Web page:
Rawmarsh teachers set to strike again over cuts

Pupils stage their own demo in support of school staff.
Pupils stage their own demo in support of school staff.

TEACHERS at Rawmarsh were set to strike again this week against proposed redundancies, although new negotiations are underway.

At a meeting between NUT officials and Rawmarsh Community School Head Dr Stuart Wilson, it was agreed redundancy notices would not now be served until the end of this month.

This, it was said, will allow a review of applications for voluntary redundancy and more consideration of termination dates.

An NUT spokesman said: “The head is to confirm in writing the precise number of jobs now at risk”.

But although Dr Wilson asked for action on two days this week to be postponed, union members expected to strike again because, said the spokesman: “It remains the case that the matter of substantial job losses has not been resolved”.

Last week’s one-day strike by about 30 NUT members resulted in closure of the school, leading teachers to ask how the school could function following the loss of 30 plus jobs.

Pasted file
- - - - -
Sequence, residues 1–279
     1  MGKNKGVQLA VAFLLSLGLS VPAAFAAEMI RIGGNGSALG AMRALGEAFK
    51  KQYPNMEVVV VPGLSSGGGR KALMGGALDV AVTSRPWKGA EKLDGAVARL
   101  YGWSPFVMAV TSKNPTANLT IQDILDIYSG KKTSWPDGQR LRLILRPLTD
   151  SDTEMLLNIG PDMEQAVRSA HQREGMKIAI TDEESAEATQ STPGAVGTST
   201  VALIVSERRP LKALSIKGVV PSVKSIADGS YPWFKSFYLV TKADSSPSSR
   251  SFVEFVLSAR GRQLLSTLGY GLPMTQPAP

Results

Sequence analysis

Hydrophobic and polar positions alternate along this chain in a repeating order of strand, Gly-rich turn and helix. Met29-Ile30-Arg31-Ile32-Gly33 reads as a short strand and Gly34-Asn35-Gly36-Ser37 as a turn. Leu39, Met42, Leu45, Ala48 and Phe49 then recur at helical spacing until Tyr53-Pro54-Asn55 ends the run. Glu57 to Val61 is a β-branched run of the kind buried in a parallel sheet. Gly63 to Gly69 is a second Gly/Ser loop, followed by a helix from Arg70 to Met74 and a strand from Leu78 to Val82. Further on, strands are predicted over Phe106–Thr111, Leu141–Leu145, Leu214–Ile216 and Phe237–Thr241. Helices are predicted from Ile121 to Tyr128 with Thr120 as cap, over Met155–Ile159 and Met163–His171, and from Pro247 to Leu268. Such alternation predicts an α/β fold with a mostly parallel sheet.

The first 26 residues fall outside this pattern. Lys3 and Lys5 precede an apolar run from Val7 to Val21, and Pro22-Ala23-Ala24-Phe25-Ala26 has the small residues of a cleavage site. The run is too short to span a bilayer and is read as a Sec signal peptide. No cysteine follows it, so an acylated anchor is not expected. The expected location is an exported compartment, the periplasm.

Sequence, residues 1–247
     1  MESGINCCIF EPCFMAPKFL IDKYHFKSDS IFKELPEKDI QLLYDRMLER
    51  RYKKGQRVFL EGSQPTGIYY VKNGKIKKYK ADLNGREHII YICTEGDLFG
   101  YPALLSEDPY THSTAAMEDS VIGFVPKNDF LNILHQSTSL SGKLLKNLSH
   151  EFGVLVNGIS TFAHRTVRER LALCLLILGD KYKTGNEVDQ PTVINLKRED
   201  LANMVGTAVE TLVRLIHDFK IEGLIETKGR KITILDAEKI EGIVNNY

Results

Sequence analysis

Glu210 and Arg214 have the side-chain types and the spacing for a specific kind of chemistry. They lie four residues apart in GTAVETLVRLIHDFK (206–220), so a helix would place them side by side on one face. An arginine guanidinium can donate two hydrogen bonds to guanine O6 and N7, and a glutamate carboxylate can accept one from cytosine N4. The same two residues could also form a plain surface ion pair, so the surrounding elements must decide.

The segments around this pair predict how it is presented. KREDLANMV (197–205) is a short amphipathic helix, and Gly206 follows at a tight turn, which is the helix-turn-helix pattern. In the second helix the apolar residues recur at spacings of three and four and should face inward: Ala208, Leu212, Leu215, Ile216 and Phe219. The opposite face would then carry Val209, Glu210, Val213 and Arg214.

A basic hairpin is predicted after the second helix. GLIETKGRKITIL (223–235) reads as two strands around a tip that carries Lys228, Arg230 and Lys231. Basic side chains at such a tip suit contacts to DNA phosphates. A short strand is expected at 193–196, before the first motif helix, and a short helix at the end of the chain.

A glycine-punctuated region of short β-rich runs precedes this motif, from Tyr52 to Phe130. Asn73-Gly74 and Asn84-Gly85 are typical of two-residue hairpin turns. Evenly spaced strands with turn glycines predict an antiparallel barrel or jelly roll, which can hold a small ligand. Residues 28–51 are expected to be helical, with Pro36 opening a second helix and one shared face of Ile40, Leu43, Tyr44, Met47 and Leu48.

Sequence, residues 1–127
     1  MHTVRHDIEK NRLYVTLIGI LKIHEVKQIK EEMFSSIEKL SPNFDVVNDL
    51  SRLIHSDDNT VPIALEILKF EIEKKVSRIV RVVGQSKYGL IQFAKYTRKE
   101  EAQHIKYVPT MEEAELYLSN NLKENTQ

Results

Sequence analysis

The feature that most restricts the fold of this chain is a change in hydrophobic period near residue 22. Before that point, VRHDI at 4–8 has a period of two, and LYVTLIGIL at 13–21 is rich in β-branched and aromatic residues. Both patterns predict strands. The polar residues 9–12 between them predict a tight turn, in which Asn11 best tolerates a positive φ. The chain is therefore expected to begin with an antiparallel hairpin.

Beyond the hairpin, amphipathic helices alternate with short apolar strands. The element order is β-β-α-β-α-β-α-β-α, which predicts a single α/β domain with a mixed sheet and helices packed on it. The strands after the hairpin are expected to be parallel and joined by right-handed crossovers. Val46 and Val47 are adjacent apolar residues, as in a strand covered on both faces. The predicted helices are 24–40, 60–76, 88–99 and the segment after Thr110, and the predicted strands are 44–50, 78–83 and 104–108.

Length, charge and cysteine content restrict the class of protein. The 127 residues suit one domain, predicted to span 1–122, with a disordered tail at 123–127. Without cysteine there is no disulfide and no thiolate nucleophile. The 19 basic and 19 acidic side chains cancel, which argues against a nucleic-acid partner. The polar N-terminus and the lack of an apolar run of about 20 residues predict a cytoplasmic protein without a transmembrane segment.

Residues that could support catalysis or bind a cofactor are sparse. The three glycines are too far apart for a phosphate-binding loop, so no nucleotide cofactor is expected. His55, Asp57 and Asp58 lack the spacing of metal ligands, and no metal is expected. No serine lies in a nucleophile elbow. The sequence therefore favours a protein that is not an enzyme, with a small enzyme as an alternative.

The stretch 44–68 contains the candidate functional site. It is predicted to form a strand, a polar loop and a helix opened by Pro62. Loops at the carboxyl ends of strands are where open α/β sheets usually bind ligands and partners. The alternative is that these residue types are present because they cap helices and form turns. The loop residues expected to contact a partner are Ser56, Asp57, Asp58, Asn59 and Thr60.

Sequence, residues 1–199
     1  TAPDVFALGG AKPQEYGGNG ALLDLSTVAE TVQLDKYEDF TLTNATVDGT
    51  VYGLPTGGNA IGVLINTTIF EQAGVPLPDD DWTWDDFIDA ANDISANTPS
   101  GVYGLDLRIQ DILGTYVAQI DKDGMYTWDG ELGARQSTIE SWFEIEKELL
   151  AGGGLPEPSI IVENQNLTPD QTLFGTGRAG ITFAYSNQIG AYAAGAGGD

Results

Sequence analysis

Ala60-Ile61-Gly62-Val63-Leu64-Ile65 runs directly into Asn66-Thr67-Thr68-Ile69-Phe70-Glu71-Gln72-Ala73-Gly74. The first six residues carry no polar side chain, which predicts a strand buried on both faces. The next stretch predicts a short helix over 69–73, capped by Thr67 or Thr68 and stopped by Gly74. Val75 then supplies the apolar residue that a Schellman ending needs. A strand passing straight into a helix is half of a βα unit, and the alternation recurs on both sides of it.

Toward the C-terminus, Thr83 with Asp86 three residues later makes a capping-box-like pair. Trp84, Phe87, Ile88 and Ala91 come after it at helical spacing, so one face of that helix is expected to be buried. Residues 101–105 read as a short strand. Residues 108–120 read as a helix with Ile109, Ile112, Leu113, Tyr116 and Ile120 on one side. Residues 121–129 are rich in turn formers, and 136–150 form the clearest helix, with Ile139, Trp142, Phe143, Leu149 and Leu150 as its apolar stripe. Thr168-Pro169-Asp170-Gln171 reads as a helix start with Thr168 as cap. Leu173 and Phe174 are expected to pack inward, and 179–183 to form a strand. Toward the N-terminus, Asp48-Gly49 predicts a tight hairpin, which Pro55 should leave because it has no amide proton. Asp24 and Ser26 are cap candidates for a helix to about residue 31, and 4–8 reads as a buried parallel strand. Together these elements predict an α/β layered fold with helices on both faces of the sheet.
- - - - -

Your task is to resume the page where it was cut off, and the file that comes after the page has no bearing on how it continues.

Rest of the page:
A second public meeting for union members and supporters was taking place this week – at which NUT members were expected to confirm their intention to strike on Wednesday and Thursday this week.

One teacher said the picketing of the school had brought tears to his eyes, adding: “I saw at first hand what happened to these communities after the miners and steelworkers went. It should never happen again”.

Planned redundancies involve over 20 teachers and 10 support staff. Teachers say the “crippling” losses will result in rising class sizes and falling standards.

An initial proposal of 30 redundancies in the middle of the year has now been staggered, but the numbers are unchanged.

National Association of Schoolmasters Union of Women Teachers (NASUWT) spokeswoman Susan Brook said: “NASUWT is still working with the authority to identify the reasons why the school was allowed to get into this unacceptable situation and what can be done to resolve it”.

Dr Wilson said before Friday’s meeting that although he “hoped to avert future industrial action” there was no alternative to redundancies.

He said the school’s difficulties meant a deficit budget had to be set for the next five years, claiming a decision to put back a number of redundancies until the summer, as requested by the governing body after talks with the NASUWT, had cost £400,000.

He said falling student numbers remained the issue to be addressed, claiming the cost of the loss of 219 kids to the school, over the past three years, is £900,000.

After the redundancies, the head claimed class sizes would be 20 for practical subjects and 25 otherwise.

Dr Wilson said: “Every other area we could look at is already cut back too far. If we do nothing in five years time our debt will be half a million pounds and teachers won’t be getting paid”.